alternative ski resorts

The alternative ski resorts to know about now

From Alpine aprés-ski to full-service chalets in Japan, these are the global ski destinations to discover now

Yes, Verbier is stylish and Aspen is fun but, when you’re on your tenth ski holiday in the same resort, even the most thrilling black run can begin to feel a little, well, boring. Especially when there’s a wealth of under-the-radar-resorts waiting to be discovered. So, if you’re tired of the same crowded runs, endless ski schools queuing for the T-bars and overpriced apres-ski establishments, take your pick from our edit of the best alternative ski resorts just waiting to quench your thirst for adventure.

Sainte Foy, France

sainte-foy france

Nestled between the resorts of Les Arcs, La Rosiere, Tignes and Val d’Isere, Sainte Foy is a relative new face among its more established neighbours. There’s no denying it’s a small resort and, while modern, most of the village has been rebuilt using traditional materials so it retains the classic Alpine charm of the area. The ski area offers around 800 hectares of forests and slopes, with 26 runs for all abilities ranging from 1550 metres to 2620 metres. You’ll also find enough heli-skiing and off-piste tracks to keep the adrenaline pumping while its naturally sheltered position creates a microclimate which means the season in Sainte-Foy often starts as early as mid-November.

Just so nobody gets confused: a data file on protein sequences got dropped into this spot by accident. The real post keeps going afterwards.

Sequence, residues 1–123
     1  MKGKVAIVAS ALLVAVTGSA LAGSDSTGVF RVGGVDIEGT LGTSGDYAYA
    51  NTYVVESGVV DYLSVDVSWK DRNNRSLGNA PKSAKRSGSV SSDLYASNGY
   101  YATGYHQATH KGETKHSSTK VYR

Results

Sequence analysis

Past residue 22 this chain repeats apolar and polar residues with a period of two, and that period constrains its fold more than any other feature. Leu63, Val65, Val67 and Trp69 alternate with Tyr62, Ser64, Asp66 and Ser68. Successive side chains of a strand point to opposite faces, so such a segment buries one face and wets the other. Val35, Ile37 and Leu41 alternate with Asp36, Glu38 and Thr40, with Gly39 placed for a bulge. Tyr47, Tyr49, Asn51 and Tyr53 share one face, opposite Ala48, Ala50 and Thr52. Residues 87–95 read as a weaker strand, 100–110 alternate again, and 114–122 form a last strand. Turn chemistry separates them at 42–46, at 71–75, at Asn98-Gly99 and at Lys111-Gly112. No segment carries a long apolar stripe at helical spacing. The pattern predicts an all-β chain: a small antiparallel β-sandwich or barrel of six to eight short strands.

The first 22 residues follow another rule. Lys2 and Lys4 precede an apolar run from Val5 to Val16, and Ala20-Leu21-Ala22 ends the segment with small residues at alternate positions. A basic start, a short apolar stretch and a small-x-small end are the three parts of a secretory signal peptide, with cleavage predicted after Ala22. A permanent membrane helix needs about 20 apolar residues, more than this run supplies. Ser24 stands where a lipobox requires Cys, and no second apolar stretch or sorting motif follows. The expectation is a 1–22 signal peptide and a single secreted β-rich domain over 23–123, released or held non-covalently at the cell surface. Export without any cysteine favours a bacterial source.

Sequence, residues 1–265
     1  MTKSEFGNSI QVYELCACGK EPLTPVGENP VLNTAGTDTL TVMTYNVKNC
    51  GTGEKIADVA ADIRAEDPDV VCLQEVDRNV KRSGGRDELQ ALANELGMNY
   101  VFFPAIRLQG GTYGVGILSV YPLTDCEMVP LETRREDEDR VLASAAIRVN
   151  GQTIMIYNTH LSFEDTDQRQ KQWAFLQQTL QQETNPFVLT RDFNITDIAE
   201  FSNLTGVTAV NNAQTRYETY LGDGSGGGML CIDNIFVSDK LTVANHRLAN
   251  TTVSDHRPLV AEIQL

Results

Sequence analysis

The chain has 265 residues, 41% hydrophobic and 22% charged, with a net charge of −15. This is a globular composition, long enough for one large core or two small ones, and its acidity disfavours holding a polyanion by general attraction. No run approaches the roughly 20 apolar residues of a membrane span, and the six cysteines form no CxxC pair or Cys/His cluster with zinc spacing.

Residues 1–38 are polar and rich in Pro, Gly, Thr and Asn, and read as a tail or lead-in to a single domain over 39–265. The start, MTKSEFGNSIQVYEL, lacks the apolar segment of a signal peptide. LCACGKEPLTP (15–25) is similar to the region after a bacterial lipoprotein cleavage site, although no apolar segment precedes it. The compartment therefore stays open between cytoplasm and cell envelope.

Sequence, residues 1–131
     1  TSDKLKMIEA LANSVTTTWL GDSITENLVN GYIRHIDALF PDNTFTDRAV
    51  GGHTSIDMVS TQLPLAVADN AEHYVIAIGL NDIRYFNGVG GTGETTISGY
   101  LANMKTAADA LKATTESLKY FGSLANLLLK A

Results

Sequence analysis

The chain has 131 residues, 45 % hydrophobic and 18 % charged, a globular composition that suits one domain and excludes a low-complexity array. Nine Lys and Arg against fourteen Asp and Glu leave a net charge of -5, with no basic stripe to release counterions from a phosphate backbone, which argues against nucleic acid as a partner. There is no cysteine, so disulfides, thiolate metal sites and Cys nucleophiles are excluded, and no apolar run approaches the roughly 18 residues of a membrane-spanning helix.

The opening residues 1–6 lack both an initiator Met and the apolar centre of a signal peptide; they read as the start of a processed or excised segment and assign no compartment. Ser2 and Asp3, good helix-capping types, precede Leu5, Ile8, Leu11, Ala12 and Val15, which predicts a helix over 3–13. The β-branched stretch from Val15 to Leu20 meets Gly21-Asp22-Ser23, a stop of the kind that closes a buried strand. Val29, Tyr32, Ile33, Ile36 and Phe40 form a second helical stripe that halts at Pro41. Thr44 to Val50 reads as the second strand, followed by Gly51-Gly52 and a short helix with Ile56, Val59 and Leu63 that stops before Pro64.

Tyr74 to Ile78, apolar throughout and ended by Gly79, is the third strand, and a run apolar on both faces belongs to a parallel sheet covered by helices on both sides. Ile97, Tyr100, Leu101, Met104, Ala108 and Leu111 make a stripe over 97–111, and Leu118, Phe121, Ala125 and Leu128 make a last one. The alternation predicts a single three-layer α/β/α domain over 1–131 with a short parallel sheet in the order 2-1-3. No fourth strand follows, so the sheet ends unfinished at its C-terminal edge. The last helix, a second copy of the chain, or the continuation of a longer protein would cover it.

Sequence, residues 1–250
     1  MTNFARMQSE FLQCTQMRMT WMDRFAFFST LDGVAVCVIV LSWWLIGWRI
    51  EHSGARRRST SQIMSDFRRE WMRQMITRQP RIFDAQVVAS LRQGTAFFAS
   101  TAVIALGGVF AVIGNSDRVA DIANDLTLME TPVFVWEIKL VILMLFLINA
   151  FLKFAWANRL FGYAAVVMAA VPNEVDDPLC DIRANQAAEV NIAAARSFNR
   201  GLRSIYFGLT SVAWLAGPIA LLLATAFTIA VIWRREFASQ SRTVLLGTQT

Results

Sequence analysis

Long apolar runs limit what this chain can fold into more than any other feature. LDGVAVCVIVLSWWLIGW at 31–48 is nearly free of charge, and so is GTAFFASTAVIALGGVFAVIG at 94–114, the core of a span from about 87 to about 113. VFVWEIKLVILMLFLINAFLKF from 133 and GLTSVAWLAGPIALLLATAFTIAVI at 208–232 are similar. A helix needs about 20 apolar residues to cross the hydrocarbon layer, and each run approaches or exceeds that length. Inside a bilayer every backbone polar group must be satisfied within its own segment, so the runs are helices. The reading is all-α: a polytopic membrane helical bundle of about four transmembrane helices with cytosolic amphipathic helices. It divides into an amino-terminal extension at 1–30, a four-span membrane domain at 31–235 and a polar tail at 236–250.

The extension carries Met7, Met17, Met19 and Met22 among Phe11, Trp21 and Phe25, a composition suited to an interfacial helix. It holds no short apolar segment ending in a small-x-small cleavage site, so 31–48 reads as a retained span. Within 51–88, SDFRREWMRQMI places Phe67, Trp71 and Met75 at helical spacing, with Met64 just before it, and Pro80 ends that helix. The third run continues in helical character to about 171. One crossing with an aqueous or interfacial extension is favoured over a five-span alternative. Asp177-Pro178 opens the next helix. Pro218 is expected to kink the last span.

To relax, visit one of the villages two spas before returning to Chalet Merlo, which comes with six ensuite bedrooms spread over two floors, a fully-equipped gym, hot tub and sauna facilities. Now how’s that for aprés-ski?

Grimentz, Switzerland

The alternative ski resorts to know about now

Situated in the Val d’Anniviers, between Verbier and Zermatt, and only two hours from Geneva, this welcoming chocolate box locale contains everything you’d expect from a traditional Swiss resort. With an abundance of hillside chalets, restaurants and a choice of hotels and lodges, it’s a buzzing little enclave of sociable locals and tourists looking for all-abilities skiing without the queues.

Pistes go from 3,000 metres to 1,600 metres and the mountain’s north and east-facing slopes ensure a perfect layer of snow all season. Good links to the neighbouring Zinal, St Luc and Chandolin resorts mean there are plenty of runs suitable for beginners and intermediates while the area’s off-piste offering is about as good as it gets for more advanced skiers. The nightlife might be slightly lacking (only two bars are open past 12am), but it’s not something you’ll worry about when you’re tearing down another mountainside.

Crested Butte, Colorado, USA

crested butte

While Aspen can play the celebrity card, Crested Butte can easily match it as a destination for thrill seekers and ski die-hards. This former mining town maintains an air of exclusivity akin to Notting Hill, with its independent boutiques, art galleries, craft breweries and locavore restaurants, but the runs and winter sport experiences are the real talking point here.

If you’re looking to really have the mountain to yourself, book Scarp Ridge Lodge – a converted Croatian saloon – which grants you access to 1,000-acres of exclusive terrain in nearby Irwin. That’s 10,000 feet of virgin powder that’s all yours. Combining the best in rarefied and heart-racing runs, you can choose to zip down the Red Lady bowl or perfect those epic turns with some fierce Snowcat skiing before warming up in one of the two on-mountain cabins complete with fireplace, dining area and lounge.